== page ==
Evidential Constraints on Singular Thought


  • I am very grateful to Tim Crane, Mark Crimmins, Nick Kroll, Krista Lawlor, Michael Raven, and Barry C. Smith for helpful conversations about the ideas discussed in this essay, to Anil Gomes and Rory Madden for questions and feedback during a presentation at the Institute of Philosophy in London, and especially to John Campbell, Krista Lawlor, Mike Martin, and two anonymous referees for invaluable feedback on previous drafts.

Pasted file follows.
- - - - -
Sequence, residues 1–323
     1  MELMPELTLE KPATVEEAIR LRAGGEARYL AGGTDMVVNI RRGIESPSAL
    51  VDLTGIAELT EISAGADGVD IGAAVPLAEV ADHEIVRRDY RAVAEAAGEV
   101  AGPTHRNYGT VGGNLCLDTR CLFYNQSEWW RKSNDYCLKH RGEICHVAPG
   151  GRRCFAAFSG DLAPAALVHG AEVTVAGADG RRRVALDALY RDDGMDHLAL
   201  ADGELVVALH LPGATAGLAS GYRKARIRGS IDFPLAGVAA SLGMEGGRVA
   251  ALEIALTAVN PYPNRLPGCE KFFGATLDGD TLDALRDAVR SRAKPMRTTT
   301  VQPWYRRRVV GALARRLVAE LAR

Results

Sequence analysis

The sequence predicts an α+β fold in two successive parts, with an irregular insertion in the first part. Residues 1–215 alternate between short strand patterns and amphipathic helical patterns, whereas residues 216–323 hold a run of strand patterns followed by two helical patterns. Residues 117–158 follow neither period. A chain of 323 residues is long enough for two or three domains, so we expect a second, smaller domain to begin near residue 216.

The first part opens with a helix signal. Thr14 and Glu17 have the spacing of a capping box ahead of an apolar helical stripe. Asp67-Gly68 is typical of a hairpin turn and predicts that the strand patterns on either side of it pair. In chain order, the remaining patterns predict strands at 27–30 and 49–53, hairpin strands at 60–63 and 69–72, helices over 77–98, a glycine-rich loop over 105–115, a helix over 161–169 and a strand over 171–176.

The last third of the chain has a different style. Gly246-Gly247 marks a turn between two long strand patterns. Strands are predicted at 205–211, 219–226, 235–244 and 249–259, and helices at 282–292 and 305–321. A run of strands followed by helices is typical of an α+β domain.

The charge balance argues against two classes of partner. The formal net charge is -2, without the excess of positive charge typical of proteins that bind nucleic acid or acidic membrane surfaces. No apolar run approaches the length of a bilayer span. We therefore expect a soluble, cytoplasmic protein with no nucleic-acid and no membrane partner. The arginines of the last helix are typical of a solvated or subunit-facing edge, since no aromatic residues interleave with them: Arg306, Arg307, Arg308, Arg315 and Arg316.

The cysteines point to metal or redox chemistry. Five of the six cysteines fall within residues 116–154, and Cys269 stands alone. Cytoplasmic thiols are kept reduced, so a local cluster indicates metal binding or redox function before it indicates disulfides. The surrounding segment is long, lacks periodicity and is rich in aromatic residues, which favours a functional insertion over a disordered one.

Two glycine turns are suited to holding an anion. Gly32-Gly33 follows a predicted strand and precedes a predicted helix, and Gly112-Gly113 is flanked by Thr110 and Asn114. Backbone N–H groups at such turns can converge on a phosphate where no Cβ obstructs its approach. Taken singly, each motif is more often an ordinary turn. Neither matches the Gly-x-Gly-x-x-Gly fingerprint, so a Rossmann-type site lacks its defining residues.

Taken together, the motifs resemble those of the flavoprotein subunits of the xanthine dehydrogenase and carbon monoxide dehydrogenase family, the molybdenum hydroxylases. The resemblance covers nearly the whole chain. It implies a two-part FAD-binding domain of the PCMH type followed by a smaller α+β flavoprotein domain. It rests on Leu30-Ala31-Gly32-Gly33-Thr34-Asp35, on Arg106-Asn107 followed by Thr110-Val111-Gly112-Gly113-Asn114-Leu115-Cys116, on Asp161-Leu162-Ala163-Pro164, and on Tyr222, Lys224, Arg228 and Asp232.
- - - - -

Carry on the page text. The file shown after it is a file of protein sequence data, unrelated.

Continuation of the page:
In this article, I argue that in typical cases of singular thought, a thinker stands in an evidential relation to the object of thought suitable for providing knowledge of the object's existence. Furthermore, a thinker may generate representations that purport to refer to particular objects in response to appropriate, though defeasible, evidence of the existence of such an object. I motivate these constraints by considering a number of examples introduced by Robin Jeshion in support of a view she calls ‘cognitivism’ (Jeshion, 2010b). Although I agree with Jeshion that acquaintance is not required for all cases of singular thought, I argue that her account doesn't go far enough in rejecting semantic instrumentalism, the view that we can generate singular thoughts arbitrarily, by manipulating the mechanisms of direct reference.